As most of you know, I have been having a fairly good experience here at teacher training. My body has held up in terms of strength; no sickness (though I awoke with a sore throat today…ack!); I’m not exhausted (though a bit tired for sure); and even my uterus has been kind, dishing up fairly tolerable periods (if not surprisingly short and, er heavy). Mentally, I’ve been sticking with my “Pacing. Pacing. Pacing” mantra combined with “Be Here Now” – don’t bite off more than you can chew; be realistic about timeline requirements (i.e., it’s not necessary to stay up to all hours if I’m tired and have the next two postures prepared); and remember, everything is just a moment that will pass – so just be in the moment, and let it go. Sleep is good. Eating is (a little too) good. Poopin’ like a champ. I feel like a little toughie in this body these days!
I mentioned earlier that last weekend, I spent time thinking of how I could amp up this experience for myself. Where am I resting on my laurels? What is blocking me in life that I am not working on? What can I do here to impact those bigger things? I came up with a few things small things first - like cutting back a little on how much I’ve been eating here, realizing that I’m not suffering and likely don’t need so much food (don’t worry, I’m still packing it in! I just removed 1 piece of peanut butter toast, and guacamole most days). I added the longer savasanas which have, as I wrote about, been really powerful.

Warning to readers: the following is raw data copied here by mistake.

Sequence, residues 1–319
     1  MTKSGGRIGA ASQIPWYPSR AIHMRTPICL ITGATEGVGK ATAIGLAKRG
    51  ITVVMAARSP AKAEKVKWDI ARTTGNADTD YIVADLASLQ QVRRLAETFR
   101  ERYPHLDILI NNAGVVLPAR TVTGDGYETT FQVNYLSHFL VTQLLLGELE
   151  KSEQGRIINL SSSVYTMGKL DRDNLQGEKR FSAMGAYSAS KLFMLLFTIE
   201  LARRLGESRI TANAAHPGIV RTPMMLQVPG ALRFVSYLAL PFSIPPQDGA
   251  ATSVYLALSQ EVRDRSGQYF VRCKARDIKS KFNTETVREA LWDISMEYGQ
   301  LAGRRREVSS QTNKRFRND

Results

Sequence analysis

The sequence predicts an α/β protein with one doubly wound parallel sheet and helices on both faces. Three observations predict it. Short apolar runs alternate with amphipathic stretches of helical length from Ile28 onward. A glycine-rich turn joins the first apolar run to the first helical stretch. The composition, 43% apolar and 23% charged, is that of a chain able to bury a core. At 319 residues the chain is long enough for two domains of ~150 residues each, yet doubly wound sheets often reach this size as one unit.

And then, I thought, beyond the physical and mental parts are the deeper emotional and spiritual pieces of the pie. In many ways, these are my most uncharted waters, particularly the spiritual perspective. It’s a part of me I’ve always feared – definitely a fear of my own “unknown.” I’m feeling ready to look honestly at the things that are holding me back at this point in my life. For so long, it was my weight, which lead to the self-loathing that I talked about recently. I feel like that is now a 'known-issue,' and will just keep getting better and better overall with occasional backslides. I have an understanding of it, and I don’t feel this holds me back in any consistent or significant way at this point. Further, I realized, I can no longer use hating myself as an excuse not to better myself.
So, “Now what?” I asked myself. My mind (er, heart?) answered with one word: Forgiveness.
It was on my mind the other day when Christian and I had a chat about forgiveness. He said, “Why don’t you just forgive?” I answered, “I’m just not ready to. I want to, but I can’t.” His retort, “Why not? Just decide to. Just forgive. Decide.” I argued, “No, no, no, it’s just not that easy.” He came right back and said, “Yeah, it is that easy.” Hm…. So I went off to think about that.
For me, it’s always seemed that forgiveness is a process, rather than a decision. To decide to forgive would be like “deciding” to be in love, or to be angry, or to be depressed. These are things, I’ve always felt, that simply just are… I’ve always argued that certain feelings are not a choice but rather a path you are supposed to walk to get to the other side. You just don’t get to decide.